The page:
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Treasury will consult next month on digital giving, CTG conference hears

Treasury will consult next month on digital giving, CTG conference hears

News (UK)

The Treasury will launch a consultation on digital giving next month, Cerys Morgan, deputy director of personal tax, told the Charity Tax Group annual conference on 24th April.

The consultation will explore three major areas: a single Gift Aid declaration process for online giving portals such as PayPal and JustGiving, a universal Gift Aid database, and changes to the wording of the Gift Aid declaration.

Depending on the results of the consultation, legislation could be seen in the Finance Bill 2014.

Karl Wilding, head of policy and research at the National Council for Voluntary Organisations (NCVO) told delegates at a panel session on digital giving that he was unsure about the wisdom of a universal Gift Aid database. Public fear about how data is used could lead to donors resisting a universal database, he suggested. Instead, he said, competition between different platforms could be a positive.

Nick Aldridge, chief executive of PayPal Giving Fund, said that donors should only have to sign one Gift Aid declaration for each giving platform and that they should not have to name the charities that would benefit.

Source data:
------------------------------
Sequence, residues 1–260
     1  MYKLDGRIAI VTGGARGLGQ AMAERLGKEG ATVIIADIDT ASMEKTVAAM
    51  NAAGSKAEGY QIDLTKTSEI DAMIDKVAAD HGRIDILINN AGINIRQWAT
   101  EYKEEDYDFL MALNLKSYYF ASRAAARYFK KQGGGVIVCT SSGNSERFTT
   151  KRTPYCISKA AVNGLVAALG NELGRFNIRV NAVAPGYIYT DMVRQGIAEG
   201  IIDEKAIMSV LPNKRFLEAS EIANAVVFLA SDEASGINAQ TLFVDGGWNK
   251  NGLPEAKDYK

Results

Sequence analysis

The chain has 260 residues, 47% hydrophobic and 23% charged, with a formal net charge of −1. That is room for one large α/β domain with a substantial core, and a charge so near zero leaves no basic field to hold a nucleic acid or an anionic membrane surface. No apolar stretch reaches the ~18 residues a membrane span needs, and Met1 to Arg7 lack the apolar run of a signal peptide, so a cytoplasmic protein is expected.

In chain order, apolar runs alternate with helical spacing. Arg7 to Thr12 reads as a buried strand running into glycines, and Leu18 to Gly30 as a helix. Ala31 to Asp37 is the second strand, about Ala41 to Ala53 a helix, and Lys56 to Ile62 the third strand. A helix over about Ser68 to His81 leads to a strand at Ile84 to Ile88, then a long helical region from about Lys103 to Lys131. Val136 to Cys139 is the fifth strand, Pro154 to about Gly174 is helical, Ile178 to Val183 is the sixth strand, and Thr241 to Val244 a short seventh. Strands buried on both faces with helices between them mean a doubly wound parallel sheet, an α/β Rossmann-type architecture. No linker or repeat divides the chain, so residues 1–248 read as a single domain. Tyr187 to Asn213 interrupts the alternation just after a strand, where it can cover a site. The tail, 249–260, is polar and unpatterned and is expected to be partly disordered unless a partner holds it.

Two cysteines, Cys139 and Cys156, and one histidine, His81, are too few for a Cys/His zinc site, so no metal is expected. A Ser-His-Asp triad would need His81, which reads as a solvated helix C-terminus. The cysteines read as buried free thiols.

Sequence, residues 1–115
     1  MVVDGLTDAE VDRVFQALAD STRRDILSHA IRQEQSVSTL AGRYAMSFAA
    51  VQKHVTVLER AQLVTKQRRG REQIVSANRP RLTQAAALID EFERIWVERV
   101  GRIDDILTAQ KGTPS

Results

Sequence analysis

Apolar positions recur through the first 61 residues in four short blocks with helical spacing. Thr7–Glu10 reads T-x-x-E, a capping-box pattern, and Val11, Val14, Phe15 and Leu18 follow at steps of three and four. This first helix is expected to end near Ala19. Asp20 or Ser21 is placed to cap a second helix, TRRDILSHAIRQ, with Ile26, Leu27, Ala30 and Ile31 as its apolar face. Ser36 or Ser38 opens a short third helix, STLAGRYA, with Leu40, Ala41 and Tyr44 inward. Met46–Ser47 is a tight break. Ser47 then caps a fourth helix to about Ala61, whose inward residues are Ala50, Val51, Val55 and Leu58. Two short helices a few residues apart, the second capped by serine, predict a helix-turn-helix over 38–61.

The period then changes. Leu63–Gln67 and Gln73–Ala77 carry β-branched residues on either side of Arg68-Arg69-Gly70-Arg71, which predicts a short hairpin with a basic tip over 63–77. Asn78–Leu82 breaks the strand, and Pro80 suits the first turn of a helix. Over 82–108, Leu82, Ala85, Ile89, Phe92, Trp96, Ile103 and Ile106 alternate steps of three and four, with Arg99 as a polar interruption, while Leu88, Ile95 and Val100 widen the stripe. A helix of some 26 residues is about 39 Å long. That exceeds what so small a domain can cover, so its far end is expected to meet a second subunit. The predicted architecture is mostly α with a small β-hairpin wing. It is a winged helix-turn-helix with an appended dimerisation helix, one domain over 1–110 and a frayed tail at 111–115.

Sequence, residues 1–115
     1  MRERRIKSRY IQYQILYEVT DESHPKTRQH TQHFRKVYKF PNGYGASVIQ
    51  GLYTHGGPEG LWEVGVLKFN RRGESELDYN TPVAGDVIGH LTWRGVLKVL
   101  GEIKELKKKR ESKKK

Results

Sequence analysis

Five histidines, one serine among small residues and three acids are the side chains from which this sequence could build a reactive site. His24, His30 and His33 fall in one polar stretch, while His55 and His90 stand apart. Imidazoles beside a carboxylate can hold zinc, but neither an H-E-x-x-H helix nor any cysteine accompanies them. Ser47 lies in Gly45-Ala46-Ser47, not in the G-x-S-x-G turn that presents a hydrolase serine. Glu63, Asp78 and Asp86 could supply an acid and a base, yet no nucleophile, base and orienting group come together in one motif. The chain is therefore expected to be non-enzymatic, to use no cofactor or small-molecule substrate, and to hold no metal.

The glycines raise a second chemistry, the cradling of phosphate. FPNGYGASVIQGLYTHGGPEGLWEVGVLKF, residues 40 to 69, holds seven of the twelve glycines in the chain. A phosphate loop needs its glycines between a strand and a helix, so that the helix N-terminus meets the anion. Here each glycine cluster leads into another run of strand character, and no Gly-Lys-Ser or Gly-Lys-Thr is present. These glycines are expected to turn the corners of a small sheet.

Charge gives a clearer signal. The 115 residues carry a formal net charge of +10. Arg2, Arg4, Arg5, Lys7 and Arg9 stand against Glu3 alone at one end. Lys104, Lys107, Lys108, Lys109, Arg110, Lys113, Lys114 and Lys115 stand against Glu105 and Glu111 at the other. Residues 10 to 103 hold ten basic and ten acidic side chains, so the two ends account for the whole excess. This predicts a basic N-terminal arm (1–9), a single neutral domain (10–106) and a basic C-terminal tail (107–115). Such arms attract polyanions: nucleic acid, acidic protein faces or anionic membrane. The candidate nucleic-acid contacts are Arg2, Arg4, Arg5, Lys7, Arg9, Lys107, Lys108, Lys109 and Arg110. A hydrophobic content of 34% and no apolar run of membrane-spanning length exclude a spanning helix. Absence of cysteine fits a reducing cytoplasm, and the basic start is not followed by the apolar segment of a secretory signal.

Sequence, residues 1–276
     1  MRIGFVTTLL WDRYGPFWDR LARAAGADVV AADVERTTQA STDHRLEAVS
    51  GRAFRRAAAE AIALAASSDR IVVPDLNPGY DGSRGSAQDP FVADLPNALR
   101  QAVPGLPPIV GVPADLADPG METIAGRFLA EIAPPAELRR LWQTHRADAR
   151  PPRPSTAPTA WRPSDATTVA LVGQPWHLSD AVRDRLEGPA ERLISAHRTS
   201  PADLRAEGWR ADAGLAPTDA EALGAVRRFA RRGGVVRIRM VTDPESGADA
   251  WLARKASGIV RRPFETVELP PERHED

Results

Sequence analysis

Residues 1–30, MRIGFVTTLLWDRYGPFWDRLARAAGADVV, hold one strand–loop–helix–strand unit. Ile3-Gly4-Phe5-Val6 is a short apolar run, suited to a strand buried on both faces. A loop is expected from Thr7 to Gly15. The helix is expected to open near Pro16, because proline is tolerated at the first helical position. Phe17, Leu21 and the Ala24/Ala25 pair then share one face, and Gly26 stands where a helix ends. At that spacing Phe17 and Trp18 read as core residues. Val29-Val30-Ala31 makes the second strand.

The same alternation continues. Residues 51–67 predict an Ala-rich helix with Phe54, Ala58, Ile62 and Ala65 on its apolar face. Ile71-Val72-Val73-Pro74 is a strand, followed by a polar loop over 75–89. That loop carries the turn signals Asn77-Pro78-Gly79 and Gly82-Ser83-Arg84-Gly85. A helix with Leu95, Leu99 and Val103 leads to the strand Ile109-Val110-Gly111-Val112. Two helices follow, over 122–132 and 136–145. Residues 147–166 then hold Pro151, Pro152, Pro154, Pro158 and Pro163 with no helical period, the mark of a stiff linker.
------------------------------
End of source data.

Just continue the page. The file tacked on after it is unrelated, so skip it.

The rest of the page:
Because donors are now required to say that they pay enough tax to cover every donation they make in a given year in a Gift Aid declaration, Aldridge suggested the requirement to name the charity could be removed.

This could be a first step towards “the common goal of a database that charities could share,” without making the existing system obsolete, he said.

Colin Smith, finance director of Comic Relief, told the conference: “My fear is that there are so many new ways of giving that the Treasury and HM Revenue & Customs will be running to keep up.”

Smith said that Gift Aid is already a major problem with text donations for Comic Relief. Although their average Gift Aid take-up is above 80%, Gift Aid reclaim on text donations is “in the low teens.” The user experience for claiming Gift Aid donations makes it highly problematic, he said.

New payment methods such as peer-to-peer, contactless and online banking could make it even more difficult for charities to claim Gift Aid, he said, and asked if such developments “might spell the end of Gift Aid.”

  • Digital Giving
  • Government, legal and tax issues
  • Promoting philanthropy
  • UK